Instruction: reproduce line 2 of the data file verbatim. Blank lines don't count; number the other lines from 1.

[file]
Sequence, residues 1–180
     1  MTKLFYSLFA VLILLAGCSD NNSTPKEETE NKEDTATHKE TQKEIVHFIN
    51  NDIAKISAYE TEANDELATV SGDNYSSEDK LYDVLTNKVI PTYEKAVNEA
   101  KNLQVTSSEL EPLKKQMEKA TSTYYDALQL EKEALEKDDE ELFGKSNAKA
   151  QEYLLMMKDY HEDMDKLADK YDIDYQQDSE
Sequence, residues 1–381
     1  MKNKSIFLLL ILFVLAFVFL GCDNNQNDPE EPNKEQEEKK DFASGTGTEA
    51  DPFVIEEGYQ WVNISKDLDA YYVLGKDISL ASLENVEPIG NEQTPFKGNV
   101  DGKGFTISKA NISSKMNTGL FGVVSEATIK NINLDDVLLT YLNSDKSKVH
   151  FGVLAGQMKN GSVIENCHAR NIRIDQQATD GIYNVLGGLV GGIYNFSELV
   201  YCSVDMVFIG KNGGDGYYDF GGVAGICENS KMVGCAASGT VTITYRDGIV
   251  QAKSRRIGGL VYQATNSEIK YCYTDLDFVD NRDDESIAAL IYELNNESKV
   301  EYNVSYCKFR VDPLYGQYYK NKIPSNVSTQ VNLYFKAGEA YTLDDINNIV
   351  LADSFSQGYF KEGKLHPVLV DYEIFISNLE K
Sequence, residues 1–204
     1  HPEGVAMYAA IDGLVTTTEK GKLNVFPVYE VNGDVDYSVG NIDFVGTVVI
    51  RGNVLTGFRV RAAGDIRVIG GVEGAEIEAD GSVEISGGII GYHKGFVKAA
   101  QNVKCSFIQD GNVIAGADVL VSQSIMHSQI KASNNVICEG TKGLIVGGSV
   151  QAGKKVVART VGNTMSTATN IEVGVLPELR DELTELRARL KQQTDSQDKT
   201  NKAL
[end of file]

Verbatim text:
     1  MTKLFYSLFA VLILLAGCSD NNSTPKEETE NKEDTATHKE TQKEIVHFIN